Airline Delays, Wood, and H1N1

OK, I get it that folks might be a little upset about flight delays. I get it that many travelers might have a critical need to arrive at their intended destination at the scheduled time. I get it. The networks love it because I think it gives reporters something to do besides go outside and point out it’s snowing, or raining, or windy. I love when they do that, stick the reporter with the short straw on a hill, next to a freeway, and have them explain what the white stuff is that’s landing on the roads and the danger of not being careful while driving in it.

What I don’t get is those passengers who get all upset with the airlines for cancelling their flight and not getting them another one in its place. It’s like they’re blaming the airline for the crappy weather.  Then there are those who must think their planes fly around everywhere else, so why not fly when it’s 50 below.

No thanks. Not me. I’ll take a bus.

The foregoing, incidentally, is pure conjecture by me. I have no basis in fact for any of it other than what I see and hear on ABC, CBS, NBC, and FOX. All the noise I hear from those stations is consistently the same so at least some of it must be correct with regard to how travelers are playing the “woe is me” card.

Now, don’t get me wrong. I’m not insensitive to their dilemma because I’ve been in it myself. Delayed flights. Rerouted flights. Cancelled flights. It’s just one of those things people should expect when traveling in the ice age. Plan for delays and deal with it. If you make your destination on time, and your luggage arrives at the same time, it’s a good day.

Bottom line on this is that the extraordinarily cold weather isn’t something that can be planned for. Entire cities have shut down because of the cold so I don’t see a problem with airlines doing the same in the name of safety.

Sorry – I meant to touch on that briefly then move on to something else, but the latter got lost in the melee in my head. That, and the ringing in my ears. Both are a bit distracting, making concentration necessary, something I’m normally not very good at. If I have to think about doing something, or how to do something, I’ll usually get it wrong. I do best what I do impulsively, without thought. Granted, impulsive behaviour has placed me in pits of peril more than once, and hindsight always points out the faults with decisions made under those circumstances, but in the heat of the moment, it’s exciting. Kind of an auction mentality where you buy things you really don’t need, or want, because you just can’t keep your hand down.

For the past two days I’ve been installing baseboards. It’s something I’ve been meaning to do for the past 5 years. Baseboards needed to be installed for two reasons: 1) to fill the gaps created when the baseboard heaters were removed, and 2) Diane scrunched her eyes and convinced me it would be a good choice of projects while it’s cold.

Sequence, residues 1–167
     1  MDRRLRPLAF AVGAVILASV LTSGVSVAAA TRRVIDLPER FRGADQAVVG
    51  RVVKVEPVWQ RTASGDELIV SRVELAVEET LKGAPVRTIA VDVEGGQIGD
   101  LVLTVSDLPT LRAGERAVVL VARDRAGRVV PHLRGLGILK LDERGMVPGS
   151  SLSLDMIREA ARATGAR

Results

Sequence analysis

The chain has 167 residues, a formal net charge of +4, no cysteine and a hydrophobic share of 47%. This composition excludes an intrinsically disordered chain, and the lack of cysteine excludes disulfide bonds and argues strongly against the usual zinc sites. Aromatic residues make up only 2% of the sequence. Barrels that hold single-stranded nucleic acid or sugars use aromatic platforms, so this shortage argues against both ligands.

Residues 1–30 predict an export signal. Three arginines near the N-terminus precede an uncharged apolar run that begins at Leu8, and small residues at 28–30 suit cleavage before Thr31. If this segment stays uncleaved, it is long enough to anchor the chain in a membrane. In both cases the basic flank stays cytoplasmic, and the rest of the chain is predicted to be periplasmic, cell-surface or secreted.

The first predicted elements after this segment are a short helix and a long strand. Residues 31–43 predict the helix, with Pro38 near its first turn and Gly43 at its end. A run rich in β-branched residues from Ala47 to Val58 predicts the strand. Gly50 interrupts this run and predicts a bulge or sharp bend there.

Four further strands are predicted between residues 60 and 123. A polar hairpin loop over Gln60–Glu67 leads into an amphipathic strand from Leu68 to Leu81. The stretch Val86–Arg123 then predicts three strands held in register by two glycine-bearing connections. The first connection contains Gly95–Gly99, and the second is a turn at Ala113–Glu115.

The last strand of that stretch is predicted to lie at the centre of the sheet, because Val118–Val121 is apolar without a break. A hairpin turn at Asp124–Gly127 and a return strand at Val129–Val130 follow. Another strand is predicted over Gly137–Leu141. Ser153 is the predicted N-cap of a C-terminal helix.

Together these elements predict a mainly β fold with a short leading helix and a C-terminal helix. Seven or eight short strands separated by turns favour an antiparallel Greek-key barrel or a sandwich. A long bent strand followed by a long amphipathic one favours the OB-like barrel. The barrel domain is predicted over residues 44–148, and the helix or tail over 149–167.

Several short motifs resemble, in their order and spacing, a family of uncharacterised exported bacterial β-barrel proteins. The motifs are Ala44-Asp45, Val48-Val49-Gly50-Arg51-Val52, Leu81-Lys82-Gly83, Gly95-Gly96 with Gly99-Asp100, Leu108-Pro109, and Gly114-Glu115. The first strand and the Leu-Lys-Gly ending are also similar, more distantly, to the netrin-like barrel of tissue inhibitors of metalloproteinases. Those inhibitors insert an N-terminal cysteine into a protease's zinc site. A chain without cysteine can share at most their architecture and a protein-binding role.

Yesterday, I worked in the garage, cutting pieces to length and getting the mitres just right. Since all of yesterday’s work had outside mitres, it wasn’t a big deal. It’s just a simple matter of make two 45 degree cuts, on the correct end of the boards, and shoe moulding, then make them match at the corners. Simple, right? I have to admit that it’s far easier with my cutoff saw than with a manual mitre saw. With the cutoff saw I can come up with a solution much quicker, although it also makes it easier to whittle my way through a pile of wood quicker, too. Here’s some of yesterday’s efforts, the hall to the East Wing …


I did the entire hallway which included 5 outside corners, and 5 doors. One of the doors is for Diane’s shoe closet. One of these days I might do a post on that.

Today was a bit different because I had to deal with inside miters and chose not to. Instead, I coped the corners because doing so makes them much neater. No 45’s to deal with. I’m not taking a picture of that, yet for two reasons: 1) it’s not finished, and 2) I don’t want to. Yet.

What makes this project particularly difficult is that the existing baseboard is mahogany that was installed in 1957. I’ve tried to acquire more of it, but no one sells it in the dimensions I need to match them up. So, I gathered what I had and pieced them together to fill the gaps in our bedroom, the front hall, and the dining area, but there won’t be enough to do the living room. And, there wasn’t enough to do the hall so I used what I could get from Home Depot that was smaller, but had the same profile. Now all I have to do is engineer it avoid situations where I need to match up old with new because it won’t work.

Our thoughts are with family and friends in the east who are dealing directly with the reality of this Arctic vortex we’re experiencing. We are blessed in our little town because all the bad stuff is just blowing over the top of us. So far. Things can change quickly, however, so we have a plan B should that happen. I don’t know what it is, but we have one somewhere.

Now, about that flu … Oregon has been relatively flu free until recently, but the H1N1 has struck close to home. A good friend, Jeff, is in intensive care at the VA Hospital with pneumonia and H1N1 virus. Diane and I got our flu shots in October when they were first available and, so far, have escaped the bug. We tend to stay home, away from large groups, when this stuff is going around, finding it increases our chances of escaping without catching anything.

Bundle up.

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